Fuel cells are essentially inexhaustible batteries -- as long as they're supplied with fuel, they don't lose charge. Within a fuel cell a simple electrochemical process takes place that converts hydrogen and oxygen into electricity, with heat and water as the only emissions.
Every fuel cell consists of an electrolyte membrane sandwiched between two electrodes: a positive electrode called an anode and a negative electrode called a cathode. Hydrogen (or hydrogen-rich fuel) is passed over the anode where a catalyst splits it into ions and electrons. The electrons cannot pass through the electrolyte material and instead travel around it via an electrical circuit to reach the other side of the cell. This flow of electrons is electricity.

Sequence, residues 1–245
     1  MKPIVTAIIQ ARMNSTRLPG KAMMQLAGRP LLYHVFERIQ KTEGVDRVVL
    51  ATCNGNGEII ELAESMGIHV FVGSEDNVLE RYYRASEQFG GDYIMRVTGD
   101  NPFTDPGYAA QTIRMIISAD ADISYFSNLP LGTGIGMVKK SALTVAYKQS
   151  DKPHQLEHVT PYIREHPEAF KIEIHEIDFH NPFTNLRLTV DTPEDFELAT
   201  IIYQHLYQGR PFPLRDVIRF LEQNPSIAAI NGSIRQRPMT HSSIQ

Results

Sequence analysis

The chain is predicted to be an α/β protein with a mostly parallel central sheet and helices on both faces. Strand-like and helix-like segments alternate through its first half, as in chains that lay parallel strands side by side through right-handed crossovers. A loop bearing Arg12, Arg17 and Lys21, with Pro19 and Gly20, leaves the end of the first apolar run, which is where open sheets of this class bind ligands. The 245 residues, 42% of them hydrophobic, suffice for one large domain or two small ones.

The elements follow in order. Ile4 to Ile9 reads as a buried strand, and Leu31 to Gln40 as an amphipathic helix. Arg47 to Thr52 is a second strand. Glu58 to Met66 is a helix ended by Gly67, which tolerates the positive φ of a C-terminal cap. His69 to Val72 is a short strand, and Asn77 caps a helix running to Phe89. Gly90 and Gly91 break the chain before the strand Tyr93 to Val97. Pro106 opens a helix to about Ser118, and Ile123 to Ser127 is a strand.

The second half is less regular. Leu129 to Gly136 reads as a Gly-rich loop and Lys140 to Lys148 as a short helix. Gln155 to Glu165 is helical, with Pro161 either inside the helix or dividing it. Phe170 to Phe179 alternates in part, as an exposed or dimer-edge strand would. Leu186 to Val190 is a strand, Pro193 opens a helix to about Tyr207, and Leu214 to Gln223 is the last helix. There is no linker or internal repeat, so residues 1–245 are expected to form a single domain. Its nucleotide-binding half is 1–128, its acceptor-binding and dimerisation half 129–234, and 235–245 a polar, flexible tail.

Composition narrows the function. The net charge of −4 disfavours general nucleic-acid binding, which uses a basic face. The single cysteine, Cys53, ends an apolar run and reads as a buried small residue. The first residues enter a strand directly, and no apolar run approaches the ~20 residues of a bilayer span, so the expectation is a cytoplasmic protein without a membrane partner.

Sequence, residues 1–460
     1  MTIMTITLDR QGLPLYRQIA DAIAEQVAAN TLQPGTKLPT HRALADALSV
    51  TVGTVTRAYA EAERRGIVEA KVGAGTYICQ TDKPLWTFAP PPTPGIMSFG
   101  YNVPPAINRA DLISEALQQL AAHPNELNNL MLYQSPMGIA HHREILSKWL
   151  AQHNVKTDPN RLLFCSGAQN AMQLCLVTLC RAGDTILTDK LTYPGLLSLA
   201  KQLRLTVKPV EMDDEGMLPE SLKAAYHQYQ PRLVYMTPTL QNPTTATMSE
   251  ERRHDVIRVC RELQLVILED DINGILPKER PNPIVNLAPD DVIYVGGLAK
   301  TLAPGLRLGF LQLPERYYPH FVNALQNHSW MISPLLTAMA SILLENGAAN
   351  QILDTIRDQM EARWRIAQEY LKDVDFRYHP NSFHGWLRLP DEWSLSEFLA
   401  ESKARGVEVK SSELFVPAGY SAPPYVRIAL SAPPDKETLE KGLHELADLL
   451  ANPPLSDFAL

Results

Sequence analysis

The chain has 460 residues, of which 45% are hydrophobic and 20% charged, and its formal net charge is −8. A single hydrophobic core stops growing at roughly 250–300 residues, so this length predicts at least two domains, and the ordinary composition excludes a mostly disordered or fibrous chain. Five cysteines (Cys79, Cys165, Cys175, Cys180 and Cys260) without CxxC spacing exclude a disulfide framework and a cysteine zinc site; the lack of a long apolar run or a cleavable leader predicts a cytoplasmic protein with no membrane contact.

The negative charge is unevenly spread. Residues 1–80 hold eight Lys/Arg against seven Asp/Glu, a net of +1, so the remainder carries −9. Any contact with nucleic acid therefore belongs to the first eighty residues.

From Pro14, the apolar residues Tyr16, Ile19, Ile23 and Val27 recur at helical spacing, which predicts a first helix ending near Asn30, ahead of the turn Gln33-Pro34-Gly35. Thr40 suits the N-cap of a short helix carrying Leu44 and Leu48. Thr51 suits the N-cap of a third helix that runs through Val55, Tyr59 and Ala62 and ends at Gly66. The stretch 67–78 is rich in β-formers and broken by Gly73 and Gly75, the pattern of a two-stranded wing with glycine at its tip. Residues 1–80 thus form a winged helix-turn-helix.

The following U.S. Department of Energy animation illustrates how a fuel cell uses hydrogen and oxygen to produce electricity.
*This animation requires Macromedia Flash Player(1) to be installed on your computer.